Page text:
Escape to New York and The Axis of Ego Podcast: Mick Foley, Survivor Series, and UCBW (11/28 and 12/12): These were the article and subsequent podcast detailing Mike and I traveling to New York for Survivor Series and to meet Mick Foley.  While both of those things were great, an unexpected highlight was the brilliance of UCBW.

Spooky Action at a Distance (12/16): This would be my personal selection for the best thing I wrote all year.  This one is the “writing sample” piece.  I try to reconcile Tim Tebow’s success in the NFL using a framework of quantum physics.  If you only read one of these (or you’re — ahem — a prospective employer!), please read this one.  If you only read two, read this and the DOMA article.

Well, folks, it was a good first year.  I learned a few things along the way, and I hope that I can continue to improve this site and come up with interesting or amusing ideas for content items and podcasts.  As always, thanks for reading.  I sincerely appreciate it when someone takes the time to read a piece I’ve written or listen to a podcast I’ve recorded, especially when that someone is not a relative.  No offense, fam.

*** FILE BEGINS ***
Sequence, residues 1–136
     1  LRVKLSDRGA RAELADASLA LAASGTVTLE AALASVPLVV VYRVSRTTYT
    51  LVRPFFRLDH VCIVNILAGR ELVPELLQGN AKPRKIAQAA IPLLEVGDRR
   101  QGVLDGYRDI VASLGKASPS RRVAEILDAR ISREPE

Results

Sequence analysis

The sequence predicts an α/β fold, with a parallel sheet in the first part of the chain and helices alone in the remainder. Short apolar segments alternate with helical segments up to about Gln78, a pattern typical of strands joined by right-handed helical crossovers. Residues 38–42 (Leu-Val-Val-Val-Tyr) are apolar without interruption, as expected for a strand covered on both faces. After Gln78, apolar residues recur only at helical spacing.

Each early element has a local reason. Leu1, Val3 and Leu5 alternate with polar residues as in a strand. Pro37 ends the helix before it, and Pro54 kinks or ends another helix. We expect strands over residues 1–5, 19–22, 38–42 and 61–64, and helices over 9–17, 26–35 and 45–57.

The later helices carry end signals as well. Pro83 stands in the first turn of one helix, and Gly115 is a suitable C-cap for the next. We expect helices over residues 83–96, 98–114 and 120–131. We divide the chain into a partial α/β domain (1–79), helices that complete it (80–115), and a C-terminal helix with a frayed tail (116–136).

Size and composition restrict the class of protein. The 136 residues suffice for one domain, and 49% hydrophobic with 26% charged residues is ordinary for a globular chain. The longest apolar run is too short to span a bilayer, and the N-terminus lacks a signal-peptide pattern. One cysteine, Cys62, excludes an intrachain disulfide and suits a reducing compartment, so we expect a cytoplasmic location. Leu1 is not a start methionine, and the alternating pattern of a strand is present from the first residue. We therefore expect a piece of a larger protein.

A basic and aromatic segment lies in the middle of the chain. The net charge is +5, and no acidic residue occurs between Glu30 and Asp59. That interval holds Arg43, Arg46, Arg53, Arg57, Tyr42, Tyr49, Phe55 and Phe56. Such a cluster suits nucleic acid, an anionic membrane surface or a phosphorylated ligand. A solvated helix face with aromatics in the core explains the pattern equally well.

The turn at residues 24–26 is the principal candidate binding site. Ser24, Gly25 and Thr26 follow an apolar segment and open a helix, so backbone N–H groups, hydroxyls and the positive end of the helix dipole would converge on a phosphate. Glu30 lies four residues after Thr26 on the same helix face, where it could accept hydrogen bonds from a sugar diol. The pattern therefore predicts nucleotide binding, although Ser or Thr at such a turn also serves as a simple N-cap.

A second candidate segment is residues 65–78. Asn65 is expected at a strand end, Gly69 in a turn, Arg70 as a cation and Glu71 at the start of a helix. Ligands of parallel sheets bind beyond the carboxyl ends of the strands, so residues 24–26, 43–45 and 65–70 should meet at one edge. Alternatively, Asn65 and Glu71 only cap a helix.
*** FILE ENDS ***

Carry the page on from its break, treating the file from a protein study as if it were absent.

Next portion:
If you’re interested in showing your support, feel free to follow me on Twitter or “like” the site on Facebook.

Thanks again, and have a happy New Year.

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6 Responses to Best of 2011

  1. Chad Dreyer says:

    I’m relieved that I read most of these gems, and excited to read the ones I missed. Congratulations on a fantastic first year, and for more commentary on what is sure to be an absurd 2012.

    • Tom Garrett says:

      Thanks a lot, Chad. That means a great deal. And, between the possible apocalypse and a presidential election cycle, 2012 is sure to generate a lot of absurdity worthy of comment. Thanks again. I really do appreciate it.

  2. Kristin says:

    Good recap! But I think your analysis of “Evacuate the Dance Floor” deserves a shout-out, too.
    And I hope the Netflix execs read your commentary about that fiasco. We stood by them, too — I love not having to buy DVDs anymore. We save a lot of money using Netflix–and their customer service is outstanding.

  3. Keith P. says:

    Can’t believe it was only a year ago you were sitting in that lousy little apartment in Dupont Circle, planning this blog’s launch (and also planning an immediate visit to Five Guys). Congratulations. Here’s to Year 2.

    • Tom Garrett says:

      Planning a launch and planning a lunch are never mutually-exclusive when I’m in the mix. Thanks for your help and support this year.